April 4, 2007 / 4:28 PM / 13 years ago

CORRECTED: Sen. Obama almost matches Clinton in money race

WASHINGTON (Reuters) - Democratic presidential candidate Sen. Barack Obama raised at least $25 million so far in 2007, his campaign said on Wednesday, just $1 million shy of the party’s early front-runner Sen. Hillary Rodham Clinton.

Obama, who has served only two years in the U.S. Senate and eight years in the Illinois state Senate, overcame Clinton’s tremendous fund-raising advantage built up over two Senate campaigns and her husband’s eight years as president.

The wife of former President Bill Clinton shattered previous party fund-raising records reporting $26 million in the first quarter on Sunday.

The surprising strong draw for Obama, who has trailed in some early opinion polls behind his colleague from New York, is a clear signal the race for the Democratic nod is wide open despite predictions of Clinton’s strength.

“This overwhelming response, in only a few short weeks, shows the hunger for a different kind of politics in this country and a belief at the grassroots level that Barack Obama can bring out the best in America to solve our problems,” said Penny Pritzker, the finance chair for Obama’s campaign.

Obama’s campaign said it had more than 100,000 donors and raised $6.9 million over the Internet while Clinton had half as many donors and drew in $4.2 million via the Internet.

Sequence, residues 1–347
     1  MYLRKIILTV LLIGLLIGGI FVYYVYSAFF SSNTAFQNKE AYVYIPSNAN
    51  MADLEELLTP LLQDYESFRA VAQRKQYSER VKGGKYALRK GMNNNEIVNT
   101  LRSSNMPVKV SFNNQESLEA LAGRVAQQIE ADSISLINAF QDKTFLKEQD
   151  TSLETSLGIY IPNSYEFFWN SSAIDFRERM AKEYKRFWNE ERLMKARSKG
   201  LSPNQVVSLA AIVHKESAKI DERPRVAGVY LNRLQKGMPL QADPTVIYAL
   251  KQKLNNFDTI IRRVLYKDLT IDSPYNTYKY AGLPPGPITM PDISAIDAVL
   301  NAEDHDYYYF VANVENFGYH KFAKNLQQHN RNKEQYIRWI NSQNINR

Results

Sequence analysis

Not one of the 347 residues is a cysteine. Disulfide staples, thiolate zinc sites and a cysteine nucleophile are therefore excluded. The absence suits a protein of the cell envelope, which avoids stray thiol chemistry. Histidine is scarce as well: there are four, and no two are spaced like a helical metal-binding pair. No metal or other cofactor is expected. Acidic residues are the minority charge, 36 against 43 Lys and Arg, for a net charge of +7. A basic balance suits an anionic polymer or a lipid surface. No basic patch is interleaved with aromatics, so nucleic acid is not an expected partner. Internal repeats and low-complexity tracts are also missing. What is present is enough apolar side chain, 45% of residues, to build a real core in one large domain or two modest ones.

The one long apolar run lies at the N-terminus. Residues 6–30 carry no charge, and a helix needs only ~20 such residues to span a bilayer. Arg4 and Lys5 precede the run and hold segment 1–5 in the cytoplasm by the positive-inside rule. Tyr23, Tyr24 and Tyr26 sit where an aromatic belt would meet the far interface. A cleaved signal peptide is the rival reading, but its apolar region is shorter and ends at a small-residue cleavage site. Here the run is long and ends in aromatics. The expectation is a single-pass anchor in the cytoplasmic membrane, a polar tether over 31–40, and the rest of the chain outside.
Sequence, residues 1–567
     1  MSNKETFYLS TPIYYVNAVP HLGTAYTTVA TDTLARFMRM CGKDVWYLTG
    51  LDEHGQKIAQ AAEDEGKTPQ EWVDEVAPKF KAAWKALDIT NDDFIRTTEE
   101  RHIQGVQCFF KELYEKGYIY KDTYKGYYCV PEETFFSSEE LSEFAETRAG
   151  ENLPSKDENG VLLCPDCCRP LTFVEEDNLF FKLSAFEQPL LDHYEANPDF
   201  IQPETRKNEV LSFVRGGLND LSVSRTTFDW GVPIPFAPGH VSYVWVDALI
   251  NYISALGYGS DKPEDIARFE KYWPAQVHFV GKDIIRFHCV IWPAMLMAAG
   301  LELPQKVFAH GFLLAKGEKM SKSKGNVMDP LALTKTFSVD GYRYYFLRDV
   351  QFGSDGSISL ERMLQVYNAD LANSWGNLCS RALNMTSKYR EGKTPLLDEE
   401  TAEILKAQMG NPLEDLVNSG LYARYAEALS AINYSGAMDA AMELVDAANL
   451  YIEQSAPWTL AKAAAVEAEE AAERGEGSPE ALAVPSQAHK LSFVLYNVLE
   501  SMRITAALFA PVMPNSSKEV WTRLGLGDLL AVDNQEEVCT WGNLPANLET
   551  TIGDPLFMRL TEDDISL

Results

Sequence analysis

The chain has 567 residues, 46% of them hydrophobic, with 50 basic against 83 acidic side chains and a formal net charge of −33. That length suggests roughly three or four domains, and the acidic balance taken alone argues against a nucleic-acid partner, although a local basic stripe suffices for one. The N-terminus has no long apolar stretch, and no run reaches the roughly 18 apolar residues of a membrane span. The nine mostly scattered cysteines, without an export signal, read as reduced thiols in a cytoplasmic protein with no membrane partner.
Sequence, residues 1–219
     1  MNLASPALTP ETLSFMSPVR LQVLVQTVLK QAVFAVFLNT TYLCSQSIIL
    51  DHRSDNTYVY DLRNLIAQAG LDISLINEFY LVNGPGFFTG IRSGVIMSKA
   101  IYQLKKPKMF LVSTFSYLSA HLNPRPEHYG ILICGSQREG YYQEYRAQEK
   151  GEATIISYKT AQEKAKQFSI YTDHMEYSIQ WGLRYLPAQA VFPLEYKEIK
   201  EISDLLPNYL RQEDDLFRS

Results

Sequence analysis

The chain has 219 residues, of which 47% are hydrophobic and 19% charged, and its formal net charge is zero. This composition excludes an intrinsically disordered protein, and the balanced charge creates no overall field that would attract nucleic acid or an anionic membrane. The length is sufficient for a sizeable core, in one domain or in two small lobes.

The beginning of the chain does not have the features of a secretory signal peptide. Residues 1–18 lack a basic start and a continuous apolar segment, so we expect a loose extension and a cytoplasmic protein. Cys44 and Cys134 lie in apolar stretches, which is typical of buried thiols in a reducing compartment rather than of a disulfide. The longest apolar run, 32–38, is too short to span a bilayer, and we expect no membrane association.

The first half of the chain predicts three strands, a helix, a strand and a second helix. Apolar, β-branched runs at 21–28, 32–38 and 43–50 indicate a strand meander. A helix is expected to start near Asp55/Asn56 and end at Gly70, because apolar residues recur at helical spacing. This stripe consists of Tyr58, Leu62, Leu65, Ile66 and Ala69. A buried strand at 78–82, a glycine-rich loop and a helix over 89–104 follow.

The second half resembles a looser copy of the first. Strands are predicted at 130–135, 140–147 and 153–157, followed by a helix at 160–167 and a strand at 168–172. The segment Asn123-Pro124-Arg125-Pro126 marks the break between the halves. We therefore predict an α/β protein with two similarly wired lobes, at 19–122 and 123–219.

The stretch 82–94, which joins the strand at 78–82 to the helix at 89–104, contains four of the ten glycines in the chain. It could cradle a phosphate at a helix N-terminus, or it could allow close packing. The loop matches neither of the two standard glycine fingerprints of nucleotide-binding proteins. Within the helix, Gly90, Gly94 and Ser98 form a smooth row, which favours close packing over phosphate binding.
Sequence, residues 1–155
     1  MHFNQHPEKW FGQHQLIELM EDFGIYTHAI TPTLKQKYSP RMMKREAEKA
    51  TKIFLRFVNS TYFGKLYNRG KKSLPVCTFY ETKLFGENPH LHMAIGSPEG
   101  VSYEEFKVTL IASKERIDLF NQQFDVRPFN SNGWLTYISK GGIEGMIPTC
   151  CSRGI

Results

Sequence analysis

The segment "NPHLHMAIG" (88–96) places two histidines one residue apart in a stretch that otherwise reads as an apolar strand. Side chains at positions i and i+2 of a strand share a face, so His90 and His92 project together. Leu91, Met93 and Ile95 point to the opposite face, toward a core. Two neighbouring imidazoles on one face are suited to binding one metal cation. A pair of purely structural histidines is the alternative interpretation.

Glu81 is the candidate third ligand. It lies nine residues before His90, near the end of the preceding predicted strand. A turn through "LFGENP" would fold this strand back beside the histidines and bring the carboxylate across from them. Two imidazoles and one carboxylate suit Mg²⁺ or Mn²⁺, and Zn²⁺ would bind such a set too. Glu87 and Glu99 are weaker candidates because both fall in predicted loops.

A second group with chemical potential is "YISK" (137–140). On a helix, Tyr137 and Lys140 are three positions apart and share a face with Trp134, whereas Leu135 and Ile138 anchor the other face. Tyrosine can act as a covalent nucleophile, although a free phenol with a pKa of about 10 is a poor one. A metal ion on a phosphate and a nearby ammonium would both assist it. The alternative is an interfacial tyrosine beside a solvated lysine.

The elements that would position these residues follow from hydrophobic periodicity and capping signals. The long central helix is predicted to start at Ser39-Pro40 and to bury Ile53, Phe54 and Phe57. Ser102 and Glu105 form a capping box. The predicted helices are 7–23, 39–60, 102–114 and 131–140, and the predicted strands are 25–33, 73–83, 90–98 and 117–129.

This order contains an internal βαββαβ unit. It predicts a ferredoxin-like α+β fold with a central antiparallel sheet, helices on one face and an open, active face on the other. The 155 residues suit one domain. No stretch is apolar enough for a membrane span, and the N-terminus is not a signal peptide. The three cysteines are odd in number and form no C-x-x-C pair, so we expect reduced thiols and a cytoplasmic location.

Former Sen. John Edwards, another Democrat, reported raising more than $14 million during the first three months of the year, nearly twice what he raised in the first quarter of his failed 2004 presidential bid.

Obama topped all the Republican candidates, who were led by former Massachusetts Gov. Mitt Romney who reported on Monday raising $20.6 million.

Democrats and Republicans are racing to show their fund-raising prowess as a sign of broad support despite the fact that the first primary contest is more than nine months away.

Candidates are building up the money war chests to fund operations in the states that hold the first nominating elections early next year as well as to run expensive advertising, and to raise more money.

Another important test is still to come, how much the top candidates have spent already and how much cash they have on hand for the road ahead. That will likely come around April 15 when figures are reported to the Federal Election Commission.

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